Date of Award

2019

Document Type

Open Access Master's Thesis

Degree Name

Master of Science in Forestry (MS)

Administrative Home Department

School of Forest Resources and Environmental Science

Advisor 1

Robert Froese

Committee Member 1

Yvette Dickinson

Committee Member 2

Christopher Swanston

Abstract

A review of the literature reveals the strengths and limitations of various climate adaptation frameworks and illuminates a general path by which a type of adaptation can be achieved. A number of useful frameworks exist but the number of independent case studies demonstrating the adaptation process in a detailed manner is much more limited. Additionally, components of the various adaptation processes can often seem vague and concepts such as adaptability ill-defined. For land managers approaching climate adaptation independently can be difficult, particularly in the areas of goal creation and vulnerability assessment. Within frameworks where user-defined adaptation goals dictate whether or not adaptability will be achieved, providing guidance on definition of these concepts is particularly important. To explore and improve the usability of climate adaptation concepts we applied them on Michigan Technological University’s Ford Forest. We reviewed the literature on climate change adaptation and applied the knowledge gained to the creation of a climate change adaptation-focused management plan. We assessed the difference between business-as-usual management and climate adaptation and identified where either had occurred in order to 1) better define climate change adaptation operationally, and 2) demonstrate how and where it had occurred within our plan. In doing so we hope to demonstrate explicitly methods for climate change adaptation planning and expand the definition of climate adapted systems.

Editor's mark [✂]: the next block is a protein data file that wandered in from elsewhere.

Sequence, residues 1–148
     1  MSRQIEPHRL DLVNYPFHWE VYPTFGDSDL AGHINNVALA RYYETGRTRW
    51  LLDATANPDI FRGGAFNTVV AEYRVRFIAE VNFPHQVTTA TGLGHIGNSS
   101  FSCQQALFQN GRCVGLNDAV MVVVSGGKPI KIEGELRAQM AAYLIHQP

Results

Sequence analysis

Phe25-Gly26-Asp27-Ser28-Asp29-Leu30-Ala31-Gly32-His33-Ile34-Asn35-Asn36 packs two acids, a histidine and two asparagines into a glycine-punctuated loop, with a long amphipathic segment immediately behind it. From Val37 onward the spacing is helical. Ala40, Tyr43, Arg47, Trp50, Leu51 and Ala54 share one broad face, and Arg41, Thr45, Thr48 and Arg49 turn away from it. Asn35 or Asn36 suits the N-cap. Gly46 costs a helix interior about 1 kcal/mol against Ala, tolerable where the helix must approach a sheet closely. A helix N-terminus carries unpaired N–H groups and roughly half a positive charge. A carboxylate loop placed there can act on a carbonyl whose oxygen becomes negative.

Through application of the principles of these frameworks, we have found that identifying priority values early in the management planning process while recognizing future climate uncertainty will improve the ability to generate meaningful, effective management actions. Recognition of organizational limitations and potential flaws in the decision-making process can help to improve planning outcomes. We have proposed a logical way to assess decision-making outcomes in a climate adaptation planning context. Vulnerability indices are useful for identifying areas of risk in a forest, but a general focus on adaptability is still necessary to respond to future climate uncertainty. Operationally, climate change adaptation refers to the broad category of planning and management measures undertaken to protect specific values from the negative effects of anthropogenic climate change.

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